Your net worth is now $500,000 instead of the $1,300,000 had you stayed.


So you just lost $800,000 by moving away for 10 years and you doubled your monthly payments to an amount that you would not be able to afford.


So in reality a person who moves back has to buy half the house that they previously owned.


The above is not speculation but fact. I speak from actual experience and actual knowledge. Those with the opposite point of view are just speculation based on theory. I have actually seen the above example, and many many more just like it. Talk to ANYONE who has moved away and them moved back and they will all tell you that when they move back that they can no longer even come close to afford to buy the same home that they previously owned. and most cannot afford to buy any house.
Because the prices here go up $100,000 per year, on average, which is faster than one can make money. If you move away you cannot even make, let alone save and invest, the $100,000 per year that the house you sold is going up in price.

Now to change the subject, I agree that one can move away and have a better life. There is nothing wrong with moving away. The fallacy is to ever think one can ever be able to come back here to live again as a homeowner If you leave you can never come back and buy a house here, and that, my friends, is a fact. ad you will have passed up the opportunity of a lifetime to have bought here while you could still afford it. Coming up in one short year is a window of opportunity of a lifetime, which will be the very last chance that the middle class has to ever buy a house in Santa Barbara and take part in the investment of a lifetime.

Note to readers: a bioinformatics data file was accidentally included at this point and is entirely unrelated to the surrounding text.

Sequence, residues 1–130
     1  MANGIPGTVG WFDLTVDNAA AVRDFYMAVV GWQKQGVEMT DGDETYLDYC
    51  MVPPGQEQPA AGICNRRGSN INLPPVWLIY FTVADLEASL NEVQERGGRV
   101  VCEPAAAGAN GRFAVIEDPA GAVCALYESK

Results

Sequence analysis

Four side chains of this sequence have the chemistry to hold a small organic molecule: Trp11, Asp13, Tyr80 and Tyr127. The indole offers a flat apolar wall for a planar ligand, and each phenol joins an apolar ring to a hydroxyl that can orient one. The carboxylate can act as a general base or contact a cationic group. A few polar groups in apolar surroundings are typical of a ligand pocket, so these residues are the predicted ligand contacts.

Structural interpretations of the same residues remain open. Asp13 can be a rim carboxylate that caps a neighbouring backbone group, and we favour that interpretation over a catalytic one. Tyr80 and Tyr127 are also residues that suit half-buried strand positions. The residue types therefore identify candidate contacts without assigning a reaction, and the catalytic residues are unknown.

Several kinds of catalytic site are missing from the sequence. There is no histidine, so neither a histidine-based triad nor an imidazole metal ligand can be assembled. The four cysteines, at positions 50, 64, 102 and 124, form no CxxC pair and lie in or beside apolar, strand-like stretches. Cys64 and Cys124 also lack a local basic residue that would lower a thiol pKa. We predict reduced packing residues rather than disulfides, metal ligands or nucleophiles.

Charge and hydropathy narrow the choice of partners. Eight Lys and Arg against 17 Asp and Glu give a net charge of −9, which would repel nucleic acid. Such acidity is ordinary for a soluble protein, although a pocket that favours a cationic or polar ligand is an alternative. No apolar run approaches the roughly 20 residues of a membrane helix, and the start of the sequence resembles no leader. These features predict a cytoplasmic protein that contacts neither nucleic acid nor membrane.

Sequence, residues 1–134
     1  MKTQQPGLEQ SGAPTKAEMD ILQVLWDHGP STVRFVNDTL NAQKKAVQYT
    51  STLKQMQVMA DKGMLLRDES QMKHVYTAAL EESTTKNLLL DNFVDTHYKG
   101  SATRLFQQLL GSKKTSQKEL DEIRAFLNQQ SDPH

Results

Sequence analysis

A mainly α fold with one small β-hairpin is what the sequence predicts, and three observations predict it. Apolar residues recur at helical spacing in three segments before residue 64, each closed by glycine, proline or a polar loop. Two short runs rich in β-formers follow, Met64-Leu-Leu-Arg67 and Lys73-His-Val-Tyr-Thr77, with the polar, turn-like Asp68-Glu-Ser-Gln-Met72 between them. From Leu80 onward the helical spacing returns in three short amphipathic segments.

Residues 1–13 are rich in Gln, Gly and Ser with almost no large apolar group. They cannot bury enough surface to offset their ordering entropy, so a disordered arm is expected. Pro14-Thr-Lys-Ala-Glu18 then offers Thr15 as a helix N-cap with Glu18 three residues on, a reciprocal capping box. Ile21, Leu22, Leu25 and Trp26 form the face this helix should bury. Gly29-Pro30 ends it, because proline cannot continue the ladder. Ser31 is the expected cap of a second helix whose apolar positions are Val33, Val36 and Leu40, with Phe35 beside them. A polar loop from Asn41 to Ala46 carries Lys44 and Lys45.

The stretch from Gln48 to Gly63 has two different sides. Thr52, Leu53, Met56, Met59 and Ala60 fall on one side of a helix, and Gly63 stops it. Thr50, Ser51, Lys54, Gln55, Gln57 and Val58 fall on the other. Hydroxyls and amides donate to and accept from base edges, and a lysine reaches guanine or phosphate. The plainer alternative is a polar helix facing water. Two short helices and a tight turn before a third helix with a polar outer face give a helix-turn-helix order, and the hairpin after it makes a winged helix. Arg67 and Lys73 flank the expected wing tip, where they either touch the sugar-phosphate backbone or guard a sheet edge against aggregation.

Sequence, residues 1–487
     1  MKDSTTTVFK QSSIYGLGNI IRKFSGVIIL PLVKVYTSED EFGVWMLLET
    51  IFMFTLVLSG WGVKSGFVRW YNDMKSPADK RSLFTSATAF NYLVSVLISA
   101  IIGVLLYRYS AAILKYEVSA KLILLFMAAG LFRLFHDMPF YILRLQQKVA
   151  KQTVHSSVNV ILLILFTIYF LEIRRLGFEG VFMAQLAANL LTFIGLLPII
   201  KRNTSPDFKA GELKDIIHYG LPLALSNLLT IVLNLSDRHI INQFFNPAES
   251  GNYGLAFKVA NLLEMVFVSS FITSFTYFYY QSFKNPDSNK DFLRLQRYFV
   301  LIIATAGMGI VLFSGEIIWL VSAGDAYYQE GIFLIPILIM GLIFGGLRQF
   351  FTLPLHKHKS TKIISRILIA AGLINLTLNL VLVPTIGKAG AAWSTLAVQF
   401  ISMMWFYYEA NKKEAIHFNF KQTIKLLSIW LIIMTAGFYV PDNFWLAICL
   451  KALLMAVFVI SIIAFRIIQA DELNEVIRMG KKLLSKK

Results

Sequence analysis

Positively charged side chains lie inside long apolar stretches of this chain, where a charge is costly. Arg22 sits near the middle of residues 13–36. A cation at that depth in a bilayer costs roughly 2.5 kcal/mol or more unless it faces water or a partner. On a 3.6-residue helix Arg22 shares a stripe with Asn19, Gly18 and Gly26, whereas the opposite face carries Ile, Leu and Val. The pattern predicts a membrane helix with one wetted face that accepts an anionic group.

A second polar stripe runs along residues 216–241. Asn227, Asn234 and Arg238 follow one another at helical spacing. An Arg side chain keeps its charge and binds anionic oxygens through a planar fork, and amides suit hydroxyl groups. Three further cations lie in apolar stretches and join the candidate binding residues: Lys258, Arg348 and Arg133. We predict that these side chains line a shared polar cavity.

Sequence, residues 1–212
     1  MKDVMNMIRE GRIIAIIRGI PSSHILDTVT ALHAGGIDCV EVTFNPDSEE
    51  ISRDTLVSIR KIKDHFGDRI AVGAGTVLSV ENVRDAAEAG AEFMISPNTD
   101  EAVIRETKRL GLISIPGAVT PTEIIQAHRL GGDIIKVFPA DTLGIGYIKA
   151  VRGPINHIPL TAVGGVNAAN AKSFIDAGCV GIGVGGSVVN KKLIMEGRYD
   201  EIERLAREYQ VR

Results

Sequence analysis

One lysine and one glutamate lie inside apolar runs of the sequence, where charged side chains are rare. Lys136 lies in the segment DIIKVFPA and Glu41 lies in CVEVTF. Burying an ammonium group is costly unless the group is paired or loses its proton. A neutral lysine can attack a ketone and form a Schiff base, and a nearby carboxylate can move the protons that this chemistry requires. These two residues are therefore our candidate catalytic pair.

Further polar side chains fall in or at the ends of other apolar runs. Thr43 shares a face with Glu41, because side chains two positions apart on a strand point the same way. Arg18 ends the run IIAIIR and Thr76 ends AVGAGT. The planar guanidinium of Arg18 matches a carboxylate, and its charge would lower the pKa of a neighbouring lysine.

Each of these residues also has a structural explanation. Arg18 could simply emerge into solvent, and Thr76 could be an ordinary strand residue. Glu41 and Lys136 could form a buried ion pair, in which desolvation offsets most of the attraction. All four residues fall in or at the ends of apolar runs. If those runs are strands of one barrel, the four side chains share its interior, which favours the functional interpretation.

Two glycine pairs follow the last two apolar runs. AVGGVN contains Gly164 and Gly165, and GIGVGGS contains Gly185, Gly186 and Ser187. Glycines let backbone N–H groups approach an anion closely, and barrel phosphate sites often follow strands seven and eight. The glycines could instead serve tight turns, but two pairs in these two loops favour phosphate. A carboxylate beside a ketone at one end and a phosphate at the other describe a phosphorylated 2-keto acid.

Don't let it pass you by.

12/02/2007 12:01 PM  
Anonymous Anonymous said...

7:22

I love you.

You are so right on.

12/02/2007 12:03 PM  
Anonymous nancy said...

Well, inthis impressive discussion there's one aspect of so-called "home-ownership" in SB that has not come up--the subsidized "affordable" housing scheme by which employers, such as the one proposed by Cottage, offer subsidized units for "purchase" as long as the person is an employee. Once the exmployment is over, the person has to leave, even if they have reached retirement and paid off the entire mortgage of the subsized unit with artificially depressed equity opportunity. What sounds good in the short-term will be a nightmare in reality. Too few have recognized how this scheme is great for the company, terrible financiall for the individual.

12/02/2007 2:03 PM  
Anonymous Anonymous said...

Real Estate Guru is pretty much right in what he says. All I know is that what he says fits in with my own personal experience.